Patients often do not feel well enough on their days “off” or non-dialysis days to meal prep and typically do not have the resources to do so. The inability to maintain dietary and fluid restrictions result in patients often not feeling well, having unpleasant dialysis sessions, and can lead patients to skip sessions on account that they do not feel well enough to complete them, or dread the symptoms they will experience as a result of their need for increased filtration related to “non-adherence.” It becomes a viscous cycle that often results in hospitalization.
What can nurses do to help make sure that these patients have what they require—both to stay healthy while keeping their risk for COVID-19 down.
We all need to recognize that wearing masks and other COVID-19 precautions are not about us as individuals, but as a community. We are protecting our seniors, the immunocompromised, and those with underlying conditions, like my dialysis patients.
Educate yourselves, your friends, your family, your neighbors. If you have not been directly impacted by COVID, you will be. Stay informed about the risks to the general patient population and advocate for them. I am reminded of a news bit of a part of our administration touring a dialysis center without a mask or other personal protective equipment. It was unacceptable then, and it is unacceptable now.
No one spends as much time with patients as we do. No one is going into COVID and ICU rooms more than we do. And while I hate to make any of this political…it is. We need to not only advocate for our patients in the hospital, we also need to advocate for them in society. Advocacy groups are not for everyone, but every single vote counts, and we need to make informed decisions as medical professionals about the type of care we want to deliver to our patients and who is going to advocate for them. Vote. Vote often. Vote informed.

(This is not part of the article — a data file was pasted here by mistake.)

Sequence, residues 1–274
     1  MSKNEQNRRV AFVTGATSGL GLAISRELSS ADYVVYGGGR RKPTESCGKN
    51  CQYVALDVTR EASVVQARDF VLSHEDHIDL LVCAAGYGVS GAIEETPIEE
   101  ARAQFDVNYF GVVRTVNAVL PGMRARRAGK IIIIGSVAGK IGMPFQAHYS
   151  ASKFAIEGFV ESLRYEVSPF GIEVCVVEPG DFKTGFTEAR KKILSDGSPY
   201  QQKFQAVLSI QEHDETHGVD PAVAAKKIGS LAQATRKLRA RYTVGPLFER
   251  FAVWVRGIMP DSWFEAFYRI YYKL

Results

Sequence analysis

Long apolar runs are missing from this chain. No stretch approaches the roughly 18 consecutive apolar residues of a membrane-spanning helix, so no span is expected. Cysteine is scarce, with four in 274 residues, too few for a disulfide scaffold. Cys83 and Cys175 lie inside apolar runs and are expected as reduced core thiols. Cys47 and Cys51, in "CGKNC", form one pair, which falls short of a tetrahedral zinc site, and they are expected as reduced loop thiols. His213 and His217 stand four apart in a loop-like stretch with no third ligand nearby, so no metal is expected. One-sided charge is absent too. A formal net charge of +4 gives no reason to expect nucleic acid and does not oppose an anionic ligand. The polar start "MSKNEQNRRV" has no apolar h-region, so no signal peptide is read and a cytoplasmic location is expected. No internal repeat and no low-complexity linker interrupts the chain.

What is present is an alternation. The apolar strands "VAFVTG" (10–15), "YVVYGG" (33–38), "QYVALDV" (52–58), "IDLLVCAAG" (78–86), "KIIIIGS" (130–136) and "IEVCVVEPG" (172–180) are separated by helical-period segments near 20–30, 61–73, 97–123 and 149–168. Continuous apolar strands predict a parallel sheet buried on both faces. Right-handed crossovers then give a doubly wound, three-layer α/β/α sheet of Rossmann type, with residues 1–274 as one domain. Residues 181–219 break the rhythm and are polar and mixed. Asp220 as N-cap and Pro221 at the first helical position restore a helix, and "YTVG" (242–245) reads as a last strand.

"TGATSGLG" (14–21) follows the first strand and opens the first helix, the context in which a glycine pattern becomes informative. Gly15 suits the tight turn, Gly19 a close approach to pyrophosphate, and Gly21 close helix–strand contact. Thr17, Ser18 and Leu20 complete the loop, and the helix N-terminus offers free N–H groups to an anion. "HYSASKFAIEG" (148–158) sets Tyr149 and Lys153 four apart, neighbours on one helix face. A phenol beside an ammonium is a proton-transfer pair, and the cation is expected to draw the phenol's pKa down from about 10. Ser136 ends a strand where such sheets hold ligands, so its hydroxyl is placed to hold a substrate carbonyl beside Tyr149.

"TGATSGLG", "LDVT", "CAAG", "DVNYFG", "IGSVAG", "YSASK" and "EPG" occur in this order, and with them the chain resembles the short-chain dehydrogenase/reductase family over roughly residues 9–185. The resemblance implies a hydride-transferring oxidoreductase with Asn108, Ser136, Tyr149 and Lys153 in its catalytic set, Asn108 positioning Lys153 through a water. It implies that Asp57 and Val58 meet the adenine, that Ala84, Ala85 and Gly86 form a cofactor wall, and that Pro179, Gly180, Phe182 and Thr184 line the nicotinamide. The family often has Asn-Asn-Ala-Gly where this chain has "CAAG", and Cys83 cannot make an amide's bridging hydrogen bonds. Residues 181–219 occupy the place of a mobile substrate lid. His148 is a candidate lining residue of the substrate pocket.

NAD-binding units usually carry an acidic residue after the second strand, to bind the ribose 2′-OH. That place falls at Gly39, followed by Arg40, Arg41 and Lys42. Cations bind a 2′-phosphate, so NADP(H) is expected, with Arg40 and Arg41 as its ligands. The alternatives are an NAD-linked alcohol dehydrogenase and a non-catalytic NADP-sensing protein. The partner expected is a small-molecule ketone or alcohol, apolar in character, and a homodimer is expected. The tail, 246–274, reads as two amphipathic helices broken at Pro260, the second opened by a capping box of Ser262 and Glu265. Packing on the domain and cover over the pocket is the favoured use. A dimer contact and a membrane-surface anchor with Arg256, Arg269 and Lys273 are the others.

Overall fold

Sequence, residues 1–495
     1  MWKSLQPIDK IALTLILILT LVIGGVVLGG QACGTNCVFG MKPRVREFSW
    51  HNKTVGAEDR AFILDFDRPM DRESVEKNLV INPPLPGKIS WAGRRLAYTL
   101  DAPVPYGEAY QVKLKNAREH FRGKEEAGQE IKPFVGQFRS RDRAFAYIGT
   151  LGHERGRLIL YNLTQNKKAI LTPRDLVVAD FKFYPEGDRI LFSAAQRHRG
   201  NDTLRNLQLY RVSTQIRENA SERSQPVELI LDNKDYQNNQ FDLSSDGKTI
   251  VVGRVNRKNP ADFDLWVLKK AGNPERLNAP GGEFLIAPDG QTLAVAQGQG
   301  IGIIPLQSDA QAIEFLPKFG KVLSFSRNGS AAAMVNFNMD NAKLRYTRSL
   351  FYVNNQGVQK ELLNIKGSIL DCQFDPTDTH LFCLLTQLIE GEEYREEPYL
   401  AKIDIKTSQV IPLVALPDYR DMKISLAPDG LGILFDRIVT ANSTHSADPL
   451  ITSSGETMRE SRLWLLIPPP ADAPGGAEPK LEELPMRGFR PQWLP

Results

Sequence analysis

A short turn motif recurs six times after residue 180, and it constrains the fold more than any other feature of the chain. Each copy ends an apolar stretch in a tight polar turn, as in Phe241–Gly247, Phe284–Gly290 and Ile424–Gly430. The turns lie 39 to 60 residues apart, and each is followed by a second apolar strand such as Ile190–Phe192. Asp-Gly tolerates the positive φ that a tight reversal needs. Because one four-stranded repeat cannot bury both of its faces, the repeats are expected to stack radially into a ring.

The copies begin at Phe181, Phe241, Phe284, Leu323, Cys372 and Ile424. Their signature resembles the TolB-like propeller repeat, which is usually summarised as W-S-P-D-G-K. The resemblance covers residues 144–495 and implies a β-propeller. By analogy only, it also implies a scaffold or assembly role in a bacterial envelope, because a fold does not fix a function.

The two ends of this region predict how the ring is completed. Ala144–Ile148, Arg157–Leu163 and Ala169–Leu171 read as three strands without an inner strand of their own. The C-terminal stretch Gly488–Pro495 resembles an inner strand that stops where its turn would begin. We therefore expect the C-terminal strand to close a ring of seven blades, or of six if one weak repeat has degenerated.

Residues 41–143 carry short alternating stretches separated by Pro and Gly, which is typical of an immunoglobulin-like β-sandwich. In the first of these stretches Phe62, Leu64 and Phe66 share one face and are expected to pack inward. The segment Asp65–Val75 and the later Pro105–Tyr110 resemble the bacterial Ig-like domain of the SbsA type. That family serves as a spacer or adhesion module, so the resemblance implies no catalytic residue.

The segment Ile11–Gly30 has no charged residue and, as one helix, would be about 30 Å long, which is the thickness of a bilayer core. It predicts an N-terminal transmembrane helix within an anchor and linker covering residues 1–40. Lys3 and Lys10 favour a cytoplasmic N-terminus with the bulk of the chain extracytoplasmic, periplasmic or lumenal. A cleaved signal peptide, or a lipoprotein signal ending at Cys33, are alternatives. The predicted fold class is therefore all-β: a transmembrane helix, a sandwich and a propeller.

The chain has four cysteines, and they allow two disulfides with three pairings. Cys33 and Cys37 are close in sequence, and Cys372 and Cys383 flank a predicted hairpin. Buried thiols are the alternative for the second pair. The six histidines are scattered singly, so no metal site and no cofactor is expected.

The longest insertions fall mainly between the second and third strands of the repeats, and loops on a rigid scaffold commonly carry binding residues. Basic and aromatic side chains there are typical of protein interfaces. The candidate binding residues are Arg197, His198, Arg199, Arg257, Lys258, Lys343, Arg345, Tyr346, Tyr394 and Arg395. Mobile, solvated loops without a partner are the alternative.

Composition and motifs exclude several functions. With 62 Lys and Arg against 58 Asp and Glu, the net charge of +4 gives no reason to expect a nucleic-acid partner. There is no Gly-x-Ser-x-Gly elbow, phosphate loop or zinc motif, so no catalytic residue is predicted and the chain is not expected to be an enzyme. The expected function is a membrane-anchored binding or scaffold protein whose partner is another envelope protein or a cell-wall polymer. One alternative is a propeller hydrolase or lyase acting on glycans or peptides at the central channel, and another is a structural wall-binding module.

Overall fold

How else can nurses support these patients? Is there anything that they should not do?
Most nurses are well informed regarding standard precautions and contact precautions. Dialysis nurses in particular, have been donning and doffing PPE long before COVID. Those of us who do not know this patient population well need to ensure that we take the time to look up hospital policies and abide by them.
Anything else about COVID-19 and dialysis patients?
It is not over. In fact, it is far from over. COVID-19 is surging in states all over the country and as states continue to open, we need to remain vigilant and adhere to COVID precautions. Wear your masks, wash your hands, and limit exposures. Protect yourselves and protect those not capable of protecting themselves. Remain up-to-date with your local statistics and protocols. It will inform the care you provide.
I would also like each of you to know just how proud I am to call you colleagues. We have been redeployed to areas foreign to us. We have worked with limited PPE and limited information. We have traveled across country to work because we felt compelled to do so. We have left our families and cried in our coffee. We have hurt and felt a sense of guilt because we cannot contribute the way we would like to, but the constant is that we show up. We show up, and we have shown up big. Our profession is powerful and invaluable, and my chest swells with pride each passing day.